DMZ

Odusan Unification Observatory

Paju, South Korea —

There are numerous observatories at the demilitarized zone (DMZ) between North and South Korea, Odusan Unification Observatory (오두산 통일전망대) is one of them. It has opened its doors to the public for nearly 25 years. The observatory has about 2-kilometer distance from the grounds of North Korea.


Visualize Whirled Peas


SURVIVAL TIP: All about taking the Korean Trains

To travel from city to city in Korea, taking a train is probably the most safest and the best way as a foreigner.

There are several types of trains in Korea.

1. Regular Trains

Korail_ktx_sancheon_17

a) KTX : It’s the fastest train in Korea. By taking this train, it takes less than 3 hours from Seoul to Busan. Although the train fee is expensive, you can save time with high quality seats. If you go to Busan from Seoul by Mugunghwa train or a car, it takes more than 5 hours.

518-10m


American Interlude

by Fred Colton

There was a small US Army checkpoint building in the DMZ and the North Korean soldiers kept crashing their heavy trucks into it to be a pain in the ass. It was on a narrow road near the Joint Security Area and they’d purposefully take the corner by the checkpoint too fast so they would skid into the little building and knock the aluminum roof off. Vehicular bowling of sorts.


The DMZ Tour

One of the places in Korea that I had wanted to visit more than any other attraction was the DMZ. Korea’s Demilitarized Zone.

It’s not an easy thing to see if you don’t live in Seoul because the tours that are allowed to take you there do not run on Sundays and Mondays, as well as holidays.

So hopping a train is not too easy, especially for me as I’m in Busan on the very opposite end of the country.

IMG 1504 1024x682 The DMZ Tour There are two different tour packages in general: the 3rd Infiltration Tunnel portion, and the Joint Security Area (JSA) portion.


Beyond the DMZ: You Too Can Visit North Korea

The Democratic People’s Republic of Korea: a socialist paradise guided by the hands of the eternal president Kim Il Sung… or an Orwellian state of impoverished people oppressed by the whims of the world’s only communist dynasty.

Well, it might surprise you to know that you don’t have to be an ex US president, a UN dignitary, or even Dennis Rodman to visit the world’s most isolated state. Quite the contrary actually, for just about anyone can on an officially guided tour.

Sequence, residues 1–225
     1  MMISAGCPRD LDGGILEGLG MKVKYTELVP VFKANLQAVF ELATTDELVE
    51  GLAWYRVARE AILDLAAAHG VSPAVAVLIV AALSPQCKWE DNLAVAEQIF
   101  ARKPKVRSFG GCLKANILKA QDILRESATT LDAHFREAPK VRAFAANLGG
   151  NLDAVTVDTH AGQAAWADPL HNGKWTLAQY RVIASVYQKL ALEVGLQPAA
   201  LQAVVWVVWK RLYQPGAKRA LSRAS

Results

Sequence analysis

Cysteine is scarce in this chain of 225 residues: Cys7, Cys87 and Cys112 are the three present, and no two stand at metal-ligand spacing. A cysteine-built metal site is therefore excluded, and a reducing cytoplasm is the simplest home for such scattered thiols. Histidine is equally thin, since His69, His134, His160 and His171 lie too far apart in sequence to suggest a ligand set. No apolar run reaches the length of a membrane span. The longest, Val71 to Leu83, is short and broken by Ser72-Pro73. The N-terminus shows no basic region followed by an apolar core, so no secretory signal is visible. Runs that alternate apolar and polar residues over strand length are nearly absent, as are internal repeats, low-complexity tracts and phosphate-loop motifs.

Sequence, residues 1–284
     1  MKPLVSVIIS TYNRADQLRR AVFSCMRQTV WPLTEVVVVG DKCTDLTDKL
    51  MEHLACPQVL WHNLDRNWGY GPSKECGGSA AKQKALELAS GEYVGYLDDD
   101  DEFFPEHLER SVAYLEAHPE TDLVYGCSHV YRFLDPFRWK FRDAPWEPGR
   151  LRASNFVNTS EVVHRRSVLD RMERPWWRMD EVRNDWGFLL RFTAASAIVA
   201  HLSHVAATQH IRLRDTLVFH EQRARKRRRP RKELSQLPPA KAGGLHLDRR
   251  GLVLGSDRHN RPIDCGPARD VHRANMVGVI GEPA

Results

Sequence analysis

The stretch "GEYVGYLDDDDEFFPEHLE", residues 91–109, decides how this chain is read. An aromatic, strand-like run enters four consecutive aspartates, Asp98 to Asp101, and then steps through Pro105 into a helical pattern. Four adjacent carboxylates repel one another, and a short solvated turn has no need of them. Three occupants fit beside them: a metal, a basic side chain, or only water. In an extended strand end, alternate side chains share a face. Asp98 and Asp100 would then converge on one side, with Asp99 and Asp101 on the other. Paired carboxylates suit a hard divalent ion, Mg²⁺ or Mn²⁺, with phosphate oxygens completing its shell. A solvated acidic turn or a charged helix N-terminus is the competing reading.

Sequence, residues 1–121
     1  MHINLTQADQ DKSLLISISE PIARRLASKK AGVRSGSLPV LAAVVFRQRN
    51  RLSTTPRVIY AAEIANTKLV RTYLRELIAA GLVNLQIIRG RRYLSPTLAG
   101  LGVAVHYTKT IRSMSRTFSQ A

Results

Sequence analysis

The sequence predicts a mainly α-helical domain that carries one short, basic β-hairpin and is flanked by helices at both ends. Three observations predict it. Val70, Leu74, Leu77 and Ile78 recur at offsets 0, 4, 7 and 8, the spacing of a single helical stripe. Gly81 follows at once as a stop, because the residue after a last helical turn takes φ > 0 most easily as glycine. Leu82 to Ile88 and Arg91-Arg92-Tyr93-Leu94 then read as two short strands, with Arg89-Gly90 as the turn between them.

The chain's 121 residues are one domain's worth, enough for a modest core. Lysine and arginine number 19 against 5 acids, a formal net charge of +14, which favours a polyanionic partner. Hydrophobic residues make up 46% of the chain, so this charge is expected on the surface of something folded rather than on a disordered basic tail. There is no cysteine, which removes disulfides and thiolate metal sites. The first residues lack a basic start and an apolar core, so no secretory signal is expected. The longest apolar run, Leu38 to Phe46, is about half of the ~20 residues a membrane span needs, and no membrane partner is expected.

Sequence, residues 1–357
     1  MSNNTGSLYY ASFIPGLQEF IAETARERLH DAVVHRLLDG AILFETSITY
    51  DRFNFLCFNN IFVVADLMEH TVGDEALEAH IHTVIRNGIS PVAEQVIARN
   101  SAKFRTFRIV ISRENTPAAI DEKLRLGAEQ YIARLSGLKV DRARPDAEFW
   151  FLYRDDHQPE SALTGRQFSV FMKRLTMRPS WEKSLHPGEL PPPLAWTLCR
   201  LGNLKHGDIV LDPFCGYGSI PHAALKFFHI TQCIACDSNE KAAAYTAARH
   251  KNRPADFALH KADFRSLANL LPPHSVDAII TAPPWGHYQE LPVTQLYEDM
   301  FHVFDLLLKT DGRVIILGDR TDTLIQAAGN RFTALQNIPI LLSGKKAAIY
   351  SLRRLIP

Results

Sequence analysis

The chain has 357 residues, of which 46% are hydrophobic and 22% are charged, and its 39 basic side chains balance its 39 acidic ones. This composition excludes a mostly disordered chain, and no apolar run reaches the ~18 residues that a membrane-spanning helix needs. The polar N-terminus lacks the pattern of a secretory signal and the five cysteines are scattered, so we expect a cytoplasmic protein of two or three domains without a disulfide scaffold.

The 38th Parallel- DMZ

One major attraction around Seoul is the trip to the DMZ - the De Militarized Zone, which is one of a kind in the world! The DMZ separates the North and South Korea and it runs 250kms long ending in the Yellow sea on the West to the Sea of Japan on the East. And is considered the most fortified and heavily guarded border in the world. The 4km wide buffer zone between the Koreas is populated with more than a million land mines. The DMZ trip that we took, does not actually take one into the DMZ. It merely takes us to the tip of the DMZ, lets one have a peek from the Dora Tower Observatory in the South at the North Korea, walk into one of the infiltration tunnels and visit the Dorasan Train station.

North and South Korea have not yet signed a peace treaty since the war in 1950 when the North Koreans attacked Soul on a Sunday. They have signed an armistice agreement, which means that both the sides have decided to stop fighting and they have agreed to have their forces moved 2kms on either sides from the Military Demarcation Line. The Joint Security Area is an area in the DMZ where tourists are allowed in but after extensive checks and reservation. But the JSA primarily still remains a place where the talks between the Koreas take place.

Seoul is just around 50kms away from the DMZ. It seems that the South Korean Government had given it a serious thought and even tried to move the capital further down South because of the constant threats from the North Koreans. But now, the South Koreans are so used to the North Korean threats that it doesn't even pop up in their Sunday morning chit chats.
 

Check posts on the way to the DMZ
Check posts on the way to the DMZ


A walk under the mines

The 3rd infiltration tunnel into South Korea

The most fun part in the DMZ tour was the descent into one of the 4 infiltration tunnels that the South Koreans have discovered so far. Our guide said that there could be as much as 20 tunnels leading into the South!

3rd infiltration tunnel

Cheorwan: Tranquility on the DMZ

With all the recent media attention suggesting that the Koreas are on the brink of nuclear war, the world might be surprised to learn that the cities dotting the DMZ, or demilitarized zone between the counties, are as peaceful and quiet as ever.  Sure, there are signs of a military presence and a slight eeriness surrounding the remnants of the darker days, but it is perhaps the marked contrast of these very attributes that makes the natural beauty of the region so outstanding.

Cheorwan (철원), a lesser-known destination on the "security tourism" route, is one of these cities.

Feeding the North Korean Troll

Enough is enough. Kim Jung Un this is for you:

20130412-174335.jpg

We’ve had enough of your unappreciative tone, and like a screaming and whining little misbehaving child, we are giving you exactly what you want; a big plate of fried chicken (from Suwon’s finest 진미통닭 no less).

You see there appears to be no other solution. You have trolled the international media far too long, and I for one have had enough.

For starters, my twitter feed is full of newspapers making you out to be important, while all the while we just see is you hiding under that big black coat and looking at really old looking phallic military pariphenalia.


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